Sir Geoffrey Hurst delivered England’s one and only World Cup trophy in 1966 by scoring the World Cup final’s one and only hat-trick. The final was played against West Germany on England’s home turf at Wembley Stadium, and Hurst entered English folklore by scoring three of the four goals in a famous 4-2 win. Hurst’s first was a beaming header inside the box, after he connected with a soaring free-kick from skipper Bobby Moore. His second, in the 101st minute, was a strike off the crossbar and down on to the line, which the linesman and referee ruled a goal, to put England ahead in extra time. Hurst’s hat-trick sealed the deal in the 120th minute. The referee had put the whistle to his mouth, causing most of the players and many fans to assume the game was over. However, he allowed for one more run from the English, giving Hurst a chance to score his third and final goal by smashing one into the top of the net. Over the years, soccer scholars everywhere have debated whether Hurst’s second goal actually crossed the goal-line. Either way, the record book says it did, meaning Hurst is still the only player to ever score three goals in a World Cup final.
3. Paolo Rossi, Italy vs. Brazil, 1982
Paolo Rossi turned out to be Italy’s World Cup savior during the 1982 tournament in Spain. For two years leading up to the World Cup, Rossi was banned from playing professionally for his (alleged) involvement in the infamous Totonero match-fixing scandal. Rossi has always defended himself and denied the claims that he was ever involved, but after two years without a single minute of professional play, Rossi’s return to the international stage seemed a certain failure. This assumption was quickly proved wrong as Rossi became the tournament’s top goal-scorer with six total goals. Rossi scored his World Cup hat-trick in an epic 3-2 victory against the mighty Brazil, heading in a beautiful cross from Antonio Cabrini with just five minutes gone, picking off a pass in the Brazilian backfield and slotting in a goal from the top of the box for his second. and grabbing his hat-trick, and the game winner, by finishing off a shot by Marco Tardelli in the 74th minute. Rossi also bagged the opening goal in Italy’s 3-1 victory over West Germany in the final.
Currently ranked as the third, all-time leading World Cup goalscorer, behind Klose and Ronaldo, Gerd Müller scored hat-tricks in back-to-back matches for West Germany at the 1970 World Cup. No relation to current hat-trick hero Thomas Müller, Gerd became only the third player to ever achieve two hat-tricks in one World Cup. The hat-tricks came during Germany’s group match against Bulgaria, and then three days later in a match against Peru. Müller showed off his entire skill set that year, scoring mostly off crosses from outside the box. The most impressive batch came during West Germany’s match against Peru. Müller scored an impressive first goal by settling a cross off his chest and striking it past goalkeeper Luis Rubinos. His third goal was scored in a similar fashion, with Müller delivering a soaring header over Rubinos inside the box. Müller would leave the tournament with a total of 10 goals, a World Cup record at the time.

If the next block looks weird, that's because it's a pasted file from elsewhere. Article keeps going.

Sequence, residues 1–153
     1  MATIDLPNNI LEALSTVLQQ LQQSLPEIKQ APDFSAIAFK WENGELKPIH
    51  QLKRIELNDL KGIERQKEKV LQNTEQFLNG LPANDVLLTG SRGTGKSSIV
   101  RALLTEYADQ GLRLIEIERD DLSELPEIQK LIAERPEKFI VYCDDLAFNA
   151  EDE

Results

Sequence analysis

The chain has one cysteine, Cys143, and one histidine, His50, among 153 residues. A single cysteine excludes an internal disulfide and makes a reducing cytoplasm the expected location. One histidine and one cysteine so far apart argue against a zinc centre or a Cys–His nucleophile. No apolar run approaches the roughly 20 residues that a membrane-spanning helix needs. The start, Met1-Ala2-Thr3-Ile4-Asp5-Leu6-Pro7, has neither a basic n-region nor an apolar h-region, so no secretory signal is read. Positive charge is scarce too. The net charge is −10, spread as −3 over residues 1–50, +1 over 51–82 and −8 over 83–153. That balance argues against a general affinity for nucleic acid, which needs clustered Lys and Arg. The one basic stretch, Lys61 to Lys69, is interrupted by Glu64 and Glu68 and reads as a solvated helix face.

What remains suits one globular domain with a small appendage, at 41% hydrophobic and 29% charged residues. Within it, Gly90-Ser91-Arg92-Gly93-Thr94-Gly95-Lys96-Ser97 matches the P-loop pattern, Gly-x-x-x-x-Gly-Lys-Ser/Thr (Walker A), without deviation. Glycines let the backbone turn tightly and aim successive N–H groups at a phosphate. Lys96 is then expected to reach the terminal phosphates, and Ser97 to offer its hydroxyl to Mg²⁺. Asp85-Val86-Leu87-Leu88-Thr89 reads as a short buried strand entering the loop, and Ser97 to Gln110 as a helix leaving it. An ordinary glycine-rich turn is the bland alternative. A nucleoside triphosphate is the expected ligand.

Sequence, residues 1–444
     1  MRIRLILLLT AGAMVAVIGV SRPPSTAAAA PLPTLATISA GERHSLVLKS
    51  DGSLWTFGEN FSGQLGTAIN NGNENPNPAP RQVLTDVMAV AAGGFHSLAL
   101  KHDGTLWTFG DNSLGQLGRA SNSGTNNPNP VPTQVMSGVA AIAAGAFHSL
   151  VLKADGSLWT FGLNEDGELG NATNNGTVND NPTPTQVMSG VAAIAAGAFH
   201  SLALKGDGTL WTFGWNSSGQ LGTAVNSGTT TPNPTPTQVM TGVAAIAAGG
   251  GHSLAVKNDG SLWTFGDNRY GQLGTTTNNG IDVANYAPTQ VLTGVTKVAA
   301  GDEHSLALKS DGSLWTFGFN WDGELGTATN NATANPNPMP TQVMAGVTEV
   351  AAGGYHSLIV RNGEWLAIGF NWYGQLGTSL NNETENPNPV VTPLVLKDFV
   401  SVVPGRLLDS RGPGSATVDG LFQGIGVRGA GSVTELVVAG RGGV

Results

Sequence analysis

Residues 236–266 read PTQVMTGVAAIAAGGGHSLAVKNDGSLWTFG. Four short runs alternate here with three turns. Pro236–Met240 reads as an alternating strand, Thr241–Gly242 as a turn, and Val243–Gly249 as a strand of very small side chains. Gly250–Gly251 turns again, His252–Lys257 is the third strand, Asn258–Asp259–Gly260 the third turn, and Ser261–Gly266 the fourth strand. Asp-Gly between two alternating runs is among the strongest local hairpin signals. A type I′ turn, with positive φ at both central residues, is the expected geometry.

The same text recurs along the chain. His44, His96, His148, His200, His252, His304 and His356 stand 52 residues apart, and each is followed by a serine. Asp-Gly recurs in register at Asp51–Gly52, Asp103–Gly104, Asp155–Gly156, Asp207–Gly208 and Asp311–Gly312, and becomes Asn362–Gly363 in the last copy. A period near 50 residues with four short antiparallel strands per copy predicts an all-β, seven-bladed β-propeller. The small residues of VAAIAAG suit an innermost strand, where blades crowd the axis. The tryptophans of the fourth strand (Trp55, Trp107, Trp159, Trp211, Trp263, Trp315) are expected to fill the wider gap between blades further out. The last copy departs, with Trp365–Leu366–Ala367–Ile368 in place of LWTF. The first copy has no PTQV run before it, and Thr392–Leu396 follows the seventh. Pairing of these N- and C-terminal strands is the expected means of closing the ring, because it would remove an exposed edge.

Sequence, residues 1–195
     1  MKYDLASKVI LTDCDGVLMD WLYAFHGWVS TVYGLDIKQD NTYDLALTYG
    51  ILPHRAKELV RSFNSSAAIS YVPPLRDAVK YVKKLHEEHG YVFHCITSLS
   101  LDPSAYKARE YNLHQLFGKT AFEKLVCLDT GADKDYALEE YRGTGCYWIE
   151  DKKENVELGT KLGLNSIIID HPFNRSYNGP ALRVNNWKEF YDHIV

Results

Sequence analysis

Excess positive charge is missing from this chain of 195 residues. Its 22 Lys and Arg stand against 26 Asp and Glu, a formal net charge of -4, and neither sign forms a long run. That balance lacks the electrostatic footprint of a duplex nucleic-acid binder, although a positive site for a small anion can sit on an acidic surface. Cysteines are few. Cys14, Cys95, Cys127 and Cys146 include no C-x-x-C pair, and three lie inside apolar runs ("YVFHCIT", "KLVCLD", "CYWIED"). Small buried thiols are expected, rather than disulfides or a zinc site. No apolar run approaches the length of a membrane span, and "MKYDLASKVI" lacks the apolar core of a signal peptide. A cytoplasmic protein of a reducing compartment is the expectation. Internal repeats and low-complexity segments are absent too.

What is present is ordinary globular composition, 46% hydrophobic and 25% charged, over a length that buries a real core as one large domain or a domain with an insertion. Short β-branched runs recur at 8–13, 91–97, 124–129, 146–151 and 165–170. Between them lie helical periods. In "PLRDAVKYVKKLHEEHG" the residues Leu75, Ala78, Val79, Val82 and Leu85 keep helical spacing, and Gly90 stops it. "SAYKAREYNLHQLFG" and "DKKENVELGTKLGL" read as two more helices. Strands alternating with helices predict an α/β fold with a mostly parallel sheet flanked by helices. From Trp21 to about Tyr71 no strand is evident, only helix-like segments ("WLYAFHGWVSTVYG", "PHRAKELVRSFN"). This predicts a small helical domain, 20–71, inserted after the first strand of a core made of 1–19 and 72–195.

No. 1 on our list is Bert Patenaude, holding the ball in the image below. Patenaude is an American soccer legend who is virtually unknown to the majority of soccer fans around the world. Why is he a legend? Initially accredited to another player, FIFA has since determined that Patenaude was the first player to ever score a hat-trick in a World Cup game, scoring all three goals in the USA’s 3-0 win over Paraguay at the 1930 inaugural FIFA World Cup. During his professional career, Patenaude played for a number of clubs in the American Soccer League, like the Newark Americans and a team called the St. Louis Central Breweries (excellent team name). Patenaude scored an additional goal for the United States in the opener against Belgium that year. With a total of four World Cup goals, Patenaude remained the USA’s all-time leading World Cup goalscorer for 80 years, before Landon Donovan surpassed him in the 2010 World Cup.